If your loved ones struggle with complicated games, just make up your own rules — it's all about having fun and having a successful experience. “We play bingo, which is really simple,” says Cursio. “Cards are adapted as she doesn’t recall any games, so we cheat. Scrabble is a good one, and I help with the words.”

My mom, who’d had a stroke, loved to play Uno, a card game, but for Dad, who had Alzheimer’s, we loosened up the rules and just focused on matching colors or numbers. In addition to cognitive stimulation for both of them, Mom exercised her fine motor skills by picking up cards (I also got a wooden card holder for her) and stretching her arms to reach out and lay her cards down.

Gary Humphrey plays darts, pool and Wii bowling with his wife. “She always wins,” he adds with a grin.

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Charlotte Haralson says a 300-piece jigsaw puzzle is perfect for her mom. You can often buy barely used or new puzzles at thrift stores. The image on the puzzle can be very motivating, so pick something your loved ones are interested in and make sure puzzle pieces are an appropriate size for their fine motor and cognitive skills. There are also puzzles developed specifically for people with dementia.

5. Make entertainment interactive

Instead of mindless hours in front of the TV, make a “must-watch” movie list of favorite movies and watch them together. Rewatch a beloved TV series or watch a new TV series together and discuss it. Mom loved watching Downton Abbey with me and we anticipated watching it all week. If your loved ones struggle to follow a plot, try old movie musicals like The Sound of Music or Meet Me in St. Louis. Dad loved them as well as music-focused TV programs like The Lawrence Welk Show (many PBS stations still air the show reruns, and you can also find them on YouTube). We all sang along! We also had fun listening to the old radio shows of Dad’s youth, which I found on NPR and YouTube, and hearing his stories about his family sitting around the radio together.

Jennifer Vincenzo McLucas says her mother loves “her” Atlanta Braves, “So we make sure she knows when the games are.” Can’t make it to sports games in person? Make watching at home a special occasion complete with the appropriate food, decorations and team paraphernalia. (I always say take any excuse for a party!)

6. Take an online adventure or learn something new

Virtually tour museums or explore outer space with NASA’s free online video and image library. From bees to birds to bison to bears, you can observe nature and animals with’s livecams. Relive your own adventures by flipping through photo albums and videos. Dream about (and plan) your next adventure — whether to a coffee shop, library or park nearby or to a more distant destination. Being a lifelong learner is good for caregiver and care recipient alike, so watch virtual educational videos and classes online together. AARP’s Virtual Community Center offers a wide variety of classes from armchair travel to cooking to meditation and exercise.  

7. Enjoy music

Music is a fantastic tool for caregivers. “For my mom, it is classic country music. I have learned an appreciation for it,” says Sharon Robinson. “She comes to life and sings along, which is a beautiful thing!” Music can match or change our moods and stimulate memories too. Sheila McIlhaney Potts says her momma loves music. “I have a ton of old hymns and country music for her! She loves singing those songs and tells me stories of how my parents would dance every Saturday night.”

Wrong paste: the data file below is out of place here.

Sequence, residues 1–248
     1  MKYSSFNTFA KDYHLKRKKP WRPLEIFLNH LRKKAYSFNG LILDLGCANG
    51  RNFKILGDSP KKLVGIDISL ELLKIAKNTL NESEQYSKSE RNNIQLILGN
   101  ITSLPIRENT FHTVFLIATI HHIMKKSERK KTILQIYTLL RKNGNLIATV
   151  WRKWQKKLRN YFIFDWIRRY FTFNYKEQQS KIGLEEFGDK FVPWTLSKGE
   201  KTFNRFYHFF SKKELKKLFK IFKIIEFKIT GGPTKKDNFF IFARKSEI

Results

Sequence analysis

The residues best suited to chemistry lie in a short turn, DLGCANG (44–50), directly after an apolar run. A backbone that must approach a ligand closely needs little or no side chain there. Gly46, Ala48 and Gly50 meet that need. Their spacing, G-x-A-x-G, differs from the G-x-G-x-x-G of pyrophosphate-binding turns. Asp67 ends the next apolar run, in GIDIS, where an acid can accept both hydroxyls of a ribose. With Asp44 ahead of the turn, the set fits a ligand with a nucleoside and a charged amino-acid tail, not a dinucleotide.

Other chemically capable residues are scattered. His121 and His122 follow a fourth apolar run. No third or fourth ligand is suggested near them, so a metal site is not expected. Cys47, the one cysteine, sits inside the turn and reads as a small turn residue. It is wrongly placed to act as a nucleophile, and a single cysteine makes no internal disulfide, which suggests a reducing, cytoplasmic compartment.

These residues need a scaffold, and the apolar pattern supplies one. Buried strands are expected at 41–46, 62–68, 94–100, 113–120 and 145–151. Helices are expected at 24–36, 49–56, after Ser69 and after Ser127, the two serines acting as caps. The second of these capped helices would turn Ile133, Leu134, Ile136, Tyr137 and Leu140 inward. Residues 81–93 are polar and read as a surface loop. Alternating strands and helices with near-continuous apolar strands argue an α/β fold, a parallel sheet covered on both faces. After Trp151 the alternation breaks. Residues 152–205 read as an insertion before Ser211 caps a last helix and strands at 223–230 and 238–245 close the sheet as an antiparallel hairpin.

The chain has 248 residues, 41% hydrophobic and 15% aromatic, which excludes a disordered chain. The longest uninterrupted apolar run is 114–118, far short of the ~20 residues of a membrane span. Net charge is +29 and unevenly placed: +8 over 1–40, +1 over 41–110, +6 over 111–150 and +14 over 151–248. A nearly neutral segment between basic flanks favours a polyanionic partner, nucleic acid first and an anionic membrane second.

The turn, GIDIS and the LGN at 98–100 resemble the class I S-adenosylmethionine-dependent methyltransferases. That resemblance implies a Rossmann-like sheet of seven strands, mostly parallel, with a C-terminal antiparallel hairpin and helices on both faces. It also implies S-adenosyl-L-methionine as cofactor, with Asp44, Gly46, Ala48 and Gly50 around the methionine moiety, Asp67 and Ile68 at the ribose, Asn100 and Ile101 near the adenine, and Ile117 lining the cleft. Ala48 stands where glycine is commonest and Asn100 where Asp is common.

Watch and listen to all genres of music on YouTube videos, NPR Music or your local PBS station — from full concerts to single songs. Many musicians offer online concerts via Facebook Live or on their websites. Music is a great motivator, too. Yolanda Kellum Greer, of Aurora, Colorado, uses music to keep her mother moving: “We’re playing Mom’s albums for our musical exercise time,” she says. “Yesterday it was Gladys Knight and the Pips!” Using headphones can often help loved ones enjoy listening better.

Cathy Pearce said her 104-year-old mom recently enjoyed a live rock concert at the Hard Rock Hotel. “It was an outdoor beach venue at the hotel,” Cathy says. “It really made her feel lively and happy for her birthday celebration.”

8. Get outside

Jennifer Vincenzo McLucas says keeping her mother active is a real challenge because she doesn’t want to do things, even if she’s capable. One of the few things that does motivate her is being outside. “We get her out of the house with her oxygen tank for an adventure once a week,” says McLucas. “Often a picnic somewhere; she likes to be in nature.”

Consider starting a garden in a raised bed or pot, enjoy a sunset together, walk around the block (health permitting), or just sit on the porch and watch the life going on around you. My grandfather used to spend hours watching the squirrels outside his window.

9. Launch a project

Working together on organization, crafts, redecorating, downsizing and other projects can provide a sense of accomplishment (even if they take longer than normal) as well as offer the benefits of using mental and physical skills. Marilyn Johnson says counting money can be helpful. “I used to keep a bag of coins for my mom to sort for me. I used the same coins over and over.” And Kristin Larsen says she and her husband clean out a drawer together, “sorting the screws, nails, and whatsits!”

You can also get creative with coloring, painting, scrapbooking, sewing, knitting, crocheting, or sanding and painting a packaged wood decor project from a craft store.